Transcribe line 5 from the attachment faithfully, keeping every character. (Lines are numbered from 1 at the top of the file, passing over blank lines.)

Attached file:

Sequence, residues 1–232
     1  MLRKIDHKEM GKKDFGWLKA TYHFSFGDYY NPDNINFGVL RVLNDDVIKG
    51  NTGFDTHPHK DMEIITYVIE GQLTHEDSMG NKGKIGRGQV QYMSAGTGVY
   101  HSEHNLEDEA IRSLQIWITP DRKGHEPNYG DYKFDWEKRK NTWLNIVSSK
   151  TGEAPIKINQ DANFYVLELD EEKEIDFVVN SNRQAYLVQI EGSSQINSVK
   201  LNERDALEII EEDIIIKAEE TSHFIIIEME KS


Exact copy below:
   151  TGEAPIKINQ DANFYVLELD EEKEIDFVVN SNRQAYLVQI EGSSQINSVK